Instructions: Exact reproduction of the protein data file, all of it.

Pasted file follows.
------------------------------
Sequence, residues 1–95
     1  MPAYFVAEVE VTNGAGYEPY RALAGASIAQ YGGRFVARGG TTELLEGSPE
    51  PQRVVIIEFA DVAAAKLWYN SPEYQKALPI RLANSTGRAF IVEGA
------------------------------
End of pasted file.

Sequence, residues 1–95
     1  MPAYFVAEVE VTNGAGYEPY RALAGASIAQ YGGRFVARGG TTELLEGSPE
    51  PQRVVIIEFA DVAAAKLWYN SPEYQKALPI RLANSTGRAF IVEGA